Program Partners Creates Options for Stations
With Merv Griffin’s Crosswords Going Into Production Hiatus, Syndicator Offers Three Options in ‘Daytime Plus’ Initiative
By Paige Albiniak -- Broadcasting & Cable, 6/23/2008 10:15:00 AM
With low-rated game show Merv Griffin’s Crosswords going into production hiatus until at least the start of next year, Program Partners is offering three choices to TV stations that had already cleared the show for a second season.
In an initiative the company is calling “Daytime Plus,” stations can air repurposed, “best-of” episodes of Crosswords out of the 225 that were shot; they can air Canadian reality program Style by Jury, for which Program Partners owns the rights to 165 episodes; or they can air pop-culture game show Inside the Box, of which Program Partners owns 195 episodes.
Program Partners is also offering stations a four-minute, 30-second local to 2:30 national barter split, including one full two-minute block to run inside the program, which gives stations an additional one minute of inventory in each half-hour program. A typical barter split is 3:30-3:30.
“TV stations will be the first to tell you they are suffering in daytime right now,” said Ritch Colbert, principal of Program Partners. “This gives station one more opportunity to meet their year-end sales goals.”
Crosswords had been cleared in about 80% of the country for season two, Colbert added, so those stations will need to make programming decisions by this fall.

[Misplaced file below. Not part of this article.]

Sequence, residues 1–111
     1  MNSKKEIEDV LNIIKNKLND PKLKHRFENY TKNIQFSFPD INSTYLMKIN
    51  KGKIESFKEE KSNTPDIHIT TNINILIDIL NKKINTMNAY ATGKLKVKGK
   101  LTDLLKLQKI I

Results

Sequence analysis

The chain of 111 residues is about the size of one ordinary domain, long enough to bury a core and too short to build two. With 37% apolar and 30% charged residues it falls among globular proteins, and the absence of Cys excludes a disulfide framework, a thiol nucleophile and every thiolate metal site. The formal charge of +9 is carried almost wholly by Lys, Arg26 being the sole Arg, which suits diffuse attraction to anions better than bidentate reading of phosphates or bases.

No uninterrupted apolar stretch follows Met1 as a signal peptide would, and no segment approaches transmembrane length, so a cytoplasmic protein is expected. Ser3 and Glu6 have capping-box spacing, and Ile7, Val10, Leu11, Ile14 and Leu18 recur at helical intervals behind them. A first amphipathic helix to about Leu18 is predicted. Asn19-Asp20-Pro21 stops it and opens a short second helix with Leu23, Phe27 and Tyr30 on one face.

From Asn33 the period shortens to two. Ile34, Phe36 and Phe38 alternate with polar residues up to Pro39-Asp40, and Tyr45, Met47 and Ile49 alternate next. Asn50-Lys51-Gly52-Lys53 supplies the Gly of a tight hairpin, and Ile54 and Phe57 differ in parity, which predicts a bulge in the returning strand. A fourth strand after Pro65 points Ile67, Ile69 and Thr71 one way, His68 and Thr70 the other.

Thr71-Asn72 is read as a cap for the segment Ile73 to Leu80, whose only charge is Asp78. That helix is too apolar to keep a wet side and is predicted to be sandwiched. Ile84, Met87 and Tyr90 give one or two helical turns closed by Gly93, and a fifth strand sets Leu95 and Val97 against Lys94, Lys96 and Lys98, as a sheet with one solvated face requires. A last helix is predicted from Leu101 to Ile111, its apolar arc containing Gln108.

Program Partners and its production partners -- Merv Griffin Entertainment and the William Morris Agency -- decided over the past week to halt production because the costs were outweighing the returns. Meanwhile, Program Partners is bringing the already-produced Style by Jury and Inside the Box to the overall station market immediately.
National advertisers that buy into Daytime Plus will see their advertisements cleared in all three shows. If Crosswords and Style by Jury are cleared in a single market, for example, both stations will run the same national advertising block, even if the shows run head-to-head. That allows advertisers to cume their ratings, improving viewership.
All three shows offer a broadband component that stations can integrate into their Web sites, giving them further inventory to sell.
Said Colbert: “Broadband is a rapid growth area for TV stations. We are providing exclusive broadband content as a way to capture more of those broadband dollars, which will help to mitigate the downturn of CPMs [cost per thousand homes] in daytime.”
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